Nate: Yeah we did a thing for Metal Injection over here, called the Slay At Home Fest. We threw together just two songs. It's very tricky being separated by thousands of miles. Now our line up is; I'm in Texas, Marcus and our bass player are in Phoenix, Arizona and our guitarist is in Oakland, California. It's tricky to make that work. We learned how to do it by doing the Metal Injection live stream, took those lessons and improved on everything, so I am really excited about the one on Saturday.
I've also been doing, it's not live, but the Two Minutes To Late Night collaborative covers on Youtube which has been a whole lot of fun. It's one of those things where this is an entirely new situation we find ourselves in and the only way through it is to figure out how to adapt.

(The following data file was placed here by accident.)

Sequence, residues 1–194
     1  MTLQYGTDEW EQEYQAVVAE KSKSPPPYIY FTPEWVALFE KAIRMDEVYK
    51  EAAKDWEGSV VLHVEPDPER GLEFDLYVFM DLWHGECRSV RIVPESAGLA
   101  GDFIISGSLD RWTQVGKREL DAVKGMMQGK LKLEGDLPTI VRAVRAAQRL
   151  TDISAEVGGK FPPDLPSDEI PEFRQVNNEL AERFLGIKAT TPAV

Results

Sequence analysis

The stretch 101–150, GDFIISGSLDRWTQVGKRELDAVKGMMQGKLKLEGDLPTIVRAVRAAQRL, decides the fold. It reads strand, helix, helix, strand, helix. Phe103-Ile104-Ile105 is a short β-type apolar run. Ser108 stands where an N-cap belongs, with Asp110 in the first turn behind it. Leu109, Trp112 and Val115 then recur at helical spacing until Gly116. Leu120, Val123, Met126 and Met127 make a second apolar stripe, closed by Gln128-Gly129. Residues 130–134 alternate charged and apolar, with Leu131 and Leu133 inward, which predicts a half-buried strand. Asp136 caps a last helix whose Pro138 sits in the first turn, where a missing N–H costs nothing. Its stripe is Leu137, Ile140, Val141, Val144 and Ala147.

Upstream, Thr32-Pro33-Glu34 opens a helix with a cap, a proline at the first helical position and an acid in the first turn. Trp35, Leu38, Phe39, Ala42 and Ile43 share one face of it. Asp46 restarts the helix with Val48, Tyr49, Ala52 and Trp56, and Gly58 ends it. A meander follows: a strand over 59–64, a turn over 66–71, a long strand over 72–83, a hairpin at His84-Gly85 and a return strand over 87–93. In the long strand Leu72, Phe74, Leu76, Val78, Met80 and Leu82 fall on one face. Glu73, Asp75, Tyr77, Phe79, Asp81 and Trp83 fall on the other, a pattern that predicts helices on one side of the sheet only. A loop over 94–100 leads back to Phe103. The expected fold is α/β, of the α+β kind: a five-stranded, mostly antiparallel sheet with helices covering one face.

The Razor's Edge: You've only been together five or so years, but looking back at Spirit Adrift would you go back and do anything differently?
Nate: Nah! [Laughs]
I've been in a lot of bands over the years, 29 band to be exact, and I wouldn't do anything different in any of those bands, and trust me I have made some huge mistakes with bands throughout my life. I have suffered a lot through many many years and many many miles for quite a few different bands. But what I have found is that every bit of suffering that I did, every mistake that I made, every life altering decision that I screwed up. All of those lessons culminated in the experience and knowledge that made Spirit Adrift possible and made Spirit adrift possible.
The Razor's Edge: So I've got one final question for you. What's next for the band once the album is released? Obviously you have tours, potentially, booked for next year, but where do you go as a band?